Ingredients for startup project Tembow:
- 2 founders (Rachel and Jason) with an idea
- 2 Agile developers (Pete and Beth)
- 7 weeks
- 1 goal; to make a website to assist clients in writing and sharing blog posts
2. Begin pair programming
Pete and I began pair programming with two keyboards and one computer. This allowed us to set up our environment and create the initial models and integration end-to-end tests. Although, when starting a new project there isn't a lot of code to dig through, these types of things were made easier in pair so that we could establish coding conventions that we would follow for the remainder of the projects. We both became familiar with the structure and tests before trying to add the next thing. We could make progress without going back and reviewing what someone else had coded at each check-in.
3. Continue pair programming for two weeks
For the first two iterations, Pete and I coded as a pair. Occasionally questions would come up and one of us could ask Rachel or Jason to clarify while the other continued finishing a few lines of a test, for example. This kept us moving forward and the answers would come back without interrupting the flow. Also, when Rachel or Jason emailed us with questions, since there were two of us, there was a better chance one of us could respond right away, which meant faster response times.
As we began building more complicated models, some design questions arose. How will we store posts? Do they belong to companies or users? Decisions about model design were easier and more informed in collaboration when we could both pull from our existing experiences and our projections of the future of the projects. Not only did these discussions stay brief, they kept us both focused on the task at hand without wandering to the next thing. Pete often kept me in check while I (new to Test-Driven-Development) would attempt to write some code without writing a test first. These partner checks kept the quality of our test base high, which was crucial as the project became more complex.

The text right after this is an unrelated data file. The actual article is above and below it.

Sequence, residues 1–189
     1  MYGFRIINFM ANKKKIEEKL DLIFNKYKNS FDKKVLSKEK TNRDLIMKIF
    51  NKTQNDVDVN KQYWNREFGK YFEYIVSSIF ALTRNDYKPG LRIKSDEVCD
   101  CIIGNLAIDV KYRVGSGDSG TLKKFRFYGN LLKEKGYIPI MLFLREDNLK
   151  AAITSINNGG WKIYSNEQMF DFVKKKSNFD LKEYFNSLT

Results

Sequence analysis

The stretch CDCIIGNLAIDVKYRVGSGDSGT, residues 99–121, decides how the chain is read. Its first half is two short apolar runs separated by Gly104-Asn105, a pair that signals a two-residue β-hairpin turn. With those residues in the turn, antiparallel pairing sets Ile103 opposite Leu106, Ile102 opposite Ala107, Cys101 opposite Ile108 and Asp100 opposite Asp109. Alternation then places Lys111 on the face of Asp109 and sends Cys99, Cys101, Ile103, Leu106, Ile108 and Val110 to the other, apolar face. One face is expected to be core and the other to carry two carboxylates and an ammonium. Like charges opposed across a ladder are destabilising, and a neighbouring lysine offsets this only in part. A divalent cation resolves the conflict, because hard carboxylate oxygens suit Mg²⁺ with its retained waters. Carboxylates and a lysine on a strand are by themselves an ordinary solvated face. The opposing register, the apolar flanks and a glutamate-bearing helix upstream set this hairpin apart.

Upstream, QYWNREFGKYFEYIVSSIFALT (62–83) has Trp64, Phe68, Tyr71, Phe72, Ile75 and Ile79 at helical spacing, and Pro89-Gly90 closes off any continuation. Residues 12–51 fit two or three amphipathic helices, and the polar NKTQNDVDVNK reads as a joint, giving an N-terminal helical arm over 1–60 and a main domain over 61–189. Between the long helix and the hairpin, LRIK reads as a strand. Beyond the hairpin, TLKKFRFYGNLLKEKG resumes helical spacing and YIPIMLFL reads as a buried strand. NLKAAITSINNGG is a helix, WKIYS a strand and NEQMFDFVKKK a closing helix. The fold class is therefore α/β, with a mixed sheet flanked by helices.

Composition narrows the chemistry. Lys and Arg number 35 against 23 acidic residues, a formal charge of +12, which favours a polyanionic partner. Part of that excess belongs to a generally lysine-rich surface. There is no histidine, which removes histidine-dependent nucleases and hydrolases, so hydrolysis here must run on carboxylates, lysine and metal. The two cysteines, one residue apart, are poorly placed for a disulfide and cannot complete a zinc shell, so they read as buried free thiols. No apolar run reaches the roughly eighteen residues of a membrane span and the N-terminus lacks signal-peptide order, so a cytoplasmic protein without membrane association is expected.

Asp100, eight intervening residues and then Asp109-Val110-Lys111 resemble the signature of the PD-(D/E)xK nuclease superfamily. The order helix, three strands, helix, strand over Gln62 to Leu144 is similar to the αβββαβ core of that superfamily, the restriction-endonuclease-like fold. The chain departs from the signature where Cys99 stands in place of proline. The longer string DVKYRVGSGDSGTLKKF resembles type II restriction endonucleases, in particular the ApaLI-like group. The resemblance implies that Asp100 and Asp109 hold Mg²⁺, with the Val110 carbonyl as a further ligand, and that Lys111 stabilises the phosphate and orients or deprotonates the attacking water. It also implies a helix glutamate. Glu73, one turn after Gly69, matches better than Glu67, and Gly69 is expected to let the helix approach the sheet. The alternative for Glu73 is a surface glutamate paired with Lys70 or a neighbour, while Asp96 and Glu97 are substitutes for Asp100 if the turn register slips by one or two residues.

4. Add spices and continue
After the first two weeks, I went on vacation. If I had been the sole developer, the project would have halted, but instead Pete took the reigns and had some guest pairs while I was gone. Not only did this allow me to take off without a major disruption, it allowed more people to see our code and add their knowledge to the project while keeping the forward momentum.
When I returned, we initially took up pairing again so Pete could explain anything that changed while I was gone. This reduced time I may have spent digging through code if we had soloed right off the bat.
5. Solo when work can be done in parallel while keeping communication frequent
As most of the framework and code base became stable, Pete and I decided to solo more often, working on two computers in the same office to maintain collaboration. Although this isn't the standard Extreme Programming way, we did this for a variety of reasons. We were both familiar with the majority of code already and the major design decisions were already made. Also, many of the tasks coming up were smaller page-specific tasks, like adding forms or button actions to a particular feature. These tasks were narrow in scope and wouldn't touch major design structure, making them less risky to code quality and easy to do in parallel. Likewise, due to the short nature of the project it was less important at this point for both of us to see the code that the other person was writing. Efficiency and tackling more features became our priority over knowledge sharing and we could do this without compromising much in terms of quality.
During our retrospective after the project ended, it became clear that as a team we believed we benefitted from our decisions of when to pair and when to solo. When we decided to switch out the database four weeks into the project, the transition went very smoothly. We all agreed that this was due to our focus on building a quality code and test base through pairing in the beginning. And it was easier and less messy to code in parallel when the rest of our code was solid. We made very speedy progress toward the end of the project which pleased us all. Overall, we found that the way we paired and split up mirrored our varying priorities as we tried to balance building quality maintainable code and developing features quickly.
6. Remove from pan and enjoy!